Spirit Matters: What kind of peace do we really long for?

Globally, the world is not at peace.

Currently, conflicts continue to escalate even beyond persuading those who are causing chaos to pursue peace based on tenets of simple, human decency.

Regardless of your faith or spiritual tradition, or lack thereof, there is something deep inside us that knows it is not alright to kill another human being.

And yet we do it — all of us do it — every single day.

We all “kill” other human beings on a regular basis.

Most of us don’t kill on a literal level. We don’t go around physically taking the life of other humans. In fact, when we hear of yet another mass shooting, we grieve to the very essence of our beings — insofar as we have not become desensitized to these evil acts that happen far too often.

But we all kill with our tongues, (and with our keyboards!) through slander, gossip, and other forms of hate without even realizing it. And that type of killing can be just as destructive as physically taking a life, for killing with the tongue can and sometimes does destroy a human’s life for the rest of their earthly existence. (The Johnny Depp/Amber Heard defamation trial, is a clear, current reminder of this.)

The world has never been at peace. There have been times of relative peace, but never complete peace, the kind of peace each of us longs for deep in our souls.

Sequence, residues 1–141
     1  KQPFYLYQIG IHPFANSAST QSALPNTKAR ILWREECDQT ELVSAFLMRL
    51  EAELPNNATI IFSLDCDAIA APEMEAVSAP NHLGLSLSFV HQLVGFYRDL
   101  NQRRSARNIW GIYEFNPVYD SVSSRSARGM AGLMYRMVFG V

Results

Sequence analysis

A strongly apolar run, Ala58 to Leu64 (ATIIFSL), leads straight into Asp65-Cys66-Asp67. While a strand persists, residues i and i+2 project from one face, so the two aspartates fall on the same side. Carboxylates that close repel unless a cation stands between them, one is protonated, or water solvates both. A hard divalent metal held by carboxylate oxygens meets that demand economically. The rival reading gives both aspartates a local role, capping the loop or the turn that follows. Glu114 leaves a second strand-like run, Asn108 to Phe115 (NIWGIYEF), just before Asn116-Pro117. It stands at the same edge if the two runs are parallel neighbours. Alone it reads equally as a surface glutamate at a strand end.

Merriam-Webster defines “peace” in multiple ways:

  • a state of tranquility or quiet: such as a. freedom from civil disturbance b. a state of security or order within a community provided for by law or custom a breach of the peace 2. freedom from disquieting or oppressive thoughts or emotions 3. harmony in personal relations 4a. a state or period of mutual concord between governments b. a pact or agreement to end hostilities between those who have been at war or in a state of enmity 5. used interjectionally to ask for silence or calm or as a greeting or farewell

All of these definitions are obviously admirable, and something for which we should not only yearn, but also work.

When I use the word “peace,” I am referring to the concept of shalom, a Hebrew word. Merriam-Webster defines “shalom” as follows:

used as a Jewish greeting and farewell

But when someone wishes you “shalom,” they are not simply saying hello or goodbye.

Wikipedia defines “shalom” as follows:

Shalom is a Hebrew word meaning peace, harmony, wholeness, completeness, prosperity, welfare and tranquility.

Similar to the concept of “heart” in the Judeo-Christian traditions referring to the totality of one’s being, “shalom” refers to a complete and perfect peace, not only for each of us, but for the entire world.

Shalom, to me, is the quintessential definition of “peace.”

It is what Jesus meant when he told his followers “Peace I leave with you, my peace I give to you. Not as the world gives do I give it to you. Do not let your hearts be troubled or afraid.” (John 14:27)

When we experience “shalom” on an individual level, we are naturally able to share perfect peace in our circle of existence, and influence others to seek it as well.

The hope, and the goal then, becomes to effect a grassroots transformation of the world, one sentient being at a time.

This hearkens back to the hymn, a favorite of many, which begins: “Let there be peace on Earth, and let it begin with me. Let there be peace on Earth, the peace that was meant to be.”

I wish you peace.

I wish all of us peace.

Shalom, my friends.


  • SPIRIT MATTERS is a weekly column that examines spirituality. Contact Jerrilyn Zavada at jzblue33@yahoo.com to share how you engage your spirit in your life and community.